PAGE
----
Don’t forget the collapse of the capitalist system as it existed in its past 25 years or so incarnation  (Financial Crisis of 2007-2010) and its anxiously awaited resurrection. Is this all something a heroic president could and should fix? I am not cynical enough to think that it doesn’t matter who our leaders are- this is why I voted for Obama and continue to feel it was the right choice. Although I would support electoral reform, I do not agree with friends of mine to the left of Obama that Ralph Nader, for instance would have done a better job. To really engage that discussion would take too much time, and basically doesn’t matter except for this: there is a paradox in American politics that needs to be resolved: any successful opposition is no longer a third way. It is now dominant, facing an opposition. Everything rallies around to co-opt anything that emerges with strength. Once you win, you are the system, though merely a figurehead. Then, those with countering views are splintered or united. So, for any other party other than the Democratic or Republican party, such as the Tea-Party, the Libertarian Party, The Greens, and so forth, in order to establish any policy as the executive, or in the legislature, they must become the majority. It’s the winner takes all ethos, probably a defining American characteristic as a historic movement- hopefully not true of all Americans or all American achievements.

The consume and grow model has taken a hit with recent events- it’s starting to sound too much like cancer. Ideas like this, critical of the big boys have always been around, but now it is an international trend, like espresso, to position yourself within the wave of all that is, dare I say it, “Green”. I’m sure BP’s marketing is all green now, probably was green before now, and will remain “green” for its surviving days. But again, let’s not be entirely cynical. The movement towards “green-ness” begins not with a deceptive marketing campaign.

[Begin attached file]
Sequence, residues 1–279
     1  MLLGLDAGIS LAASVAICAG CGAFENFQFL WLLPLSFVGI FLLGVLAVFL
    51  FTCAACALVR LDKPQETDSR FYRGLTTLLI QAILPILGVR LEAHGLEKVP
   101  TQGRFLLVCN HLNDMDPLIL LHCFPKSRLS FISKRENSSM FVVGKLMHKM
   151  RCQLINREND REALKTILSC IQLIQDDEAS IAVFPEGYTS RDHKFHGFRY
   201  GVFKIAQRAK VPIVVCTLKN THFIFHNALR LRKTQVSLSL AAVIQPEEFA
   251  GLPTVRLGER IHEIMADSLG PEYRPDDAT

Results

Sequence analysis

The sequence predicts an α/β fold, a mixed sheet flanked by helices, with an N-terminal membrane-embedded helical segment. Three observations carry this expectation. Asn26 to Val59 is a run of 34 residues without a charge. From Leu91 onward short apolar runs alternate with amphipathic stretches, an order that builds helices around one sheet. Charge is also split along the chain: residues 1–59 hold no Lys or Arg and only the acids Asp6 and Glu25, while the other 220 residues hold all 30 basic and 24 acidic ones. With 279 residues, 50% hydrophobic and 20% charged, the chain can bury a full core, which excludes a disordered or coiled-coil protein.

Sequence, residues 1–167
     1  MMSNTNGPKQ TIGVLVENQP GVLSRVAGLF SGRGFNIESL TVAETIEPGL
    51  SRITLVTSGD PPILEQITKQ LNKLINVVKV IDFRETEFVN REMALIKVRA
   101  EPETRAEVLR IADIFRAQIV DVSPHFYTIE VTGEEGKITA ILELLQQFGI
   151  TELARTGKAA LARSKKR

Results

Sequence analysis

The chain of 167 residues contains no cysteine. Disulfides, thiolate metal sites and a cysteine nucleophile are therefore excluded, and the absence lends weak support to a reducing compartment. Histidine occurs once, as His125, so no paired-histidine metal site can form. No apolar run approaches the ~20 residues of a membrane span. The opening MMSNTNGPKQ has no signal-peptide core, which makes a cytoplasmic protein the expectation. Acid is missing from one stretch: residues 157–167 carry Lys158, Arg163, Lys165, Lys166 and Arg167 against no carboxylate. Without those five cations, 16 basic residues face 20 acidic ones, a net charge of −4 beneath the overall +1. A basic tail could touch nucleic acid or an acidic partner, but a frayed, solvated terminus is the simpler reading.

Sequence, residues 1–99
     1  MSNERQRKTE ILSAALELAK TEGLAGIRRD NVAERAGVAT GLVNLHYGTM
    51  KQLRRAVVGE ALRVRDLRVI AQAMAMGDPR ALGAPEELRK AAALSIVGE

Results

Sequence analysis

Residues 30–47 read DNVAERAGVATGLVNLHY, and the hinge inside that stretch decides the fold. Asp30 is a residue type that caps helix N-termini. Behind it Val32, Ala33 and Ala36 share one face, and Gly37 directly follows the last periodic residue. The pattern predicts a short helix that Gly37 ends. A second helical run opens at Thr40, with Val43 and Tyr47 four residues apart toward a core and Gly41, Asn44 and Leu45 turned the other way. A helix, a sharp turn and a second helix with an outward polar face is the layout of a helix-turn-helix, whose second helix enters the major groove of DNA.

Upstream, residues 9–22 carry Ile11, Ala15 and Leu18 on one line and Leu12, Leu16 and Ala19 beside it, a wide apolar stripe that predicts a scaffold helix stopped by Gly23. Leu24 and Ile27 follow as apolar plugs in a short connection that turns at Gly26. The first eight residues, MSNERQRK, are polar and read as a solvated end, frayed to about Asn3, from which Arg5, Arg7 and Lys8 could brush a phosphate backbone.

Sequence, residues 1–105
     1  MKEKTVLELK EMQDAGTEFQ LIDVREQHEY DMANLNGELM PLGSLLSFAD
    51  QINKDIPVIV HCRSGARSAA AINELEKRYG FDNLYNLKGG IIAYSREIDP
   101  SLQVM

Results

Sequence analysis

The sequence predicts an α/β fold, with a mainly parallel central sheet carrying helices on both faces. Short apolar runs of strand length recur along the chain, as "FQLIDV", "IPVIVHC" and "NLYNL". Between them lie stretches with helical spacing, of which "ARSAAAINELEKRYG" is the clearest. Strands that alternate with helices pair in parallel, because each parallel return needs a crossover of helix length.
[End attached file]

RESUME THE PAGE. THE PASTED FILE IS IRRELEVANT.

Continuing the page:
It’s been going on my entire life, to be sure, though I hesitate to present any historical explication. The organic movement, for instance, is a move away from petrochemicals, and rather than being an arch novel approach, is the way food has been produced for the entirety of human history up to the recent past. Of course oil products are used as fuel for powering machinery (including through electricity) and also in countless industrial applications and of course, for delivery, but not spraying petrochemicals on the food itself, or using as a fertilizer is an important step forward, if only a baby step. The Community Supported Agriculture movement is partially a response to the excesses apparent at your typical organic food Supermarket. A CSA sells subscriptions ahead of time for locally grown food that members pick up at intervals, perhaps once a week. This and other local farming models, like the explosion of farmer’s markets in urban America addresses the waste inherent in delivering food thousands of miles or more (including from overseas). Perhaps we are developing within these movements the necessary components of a food-delivery system that can withstand a peak oil event.

Some of my friends in Philadelphia, at least, take these ideas seriously.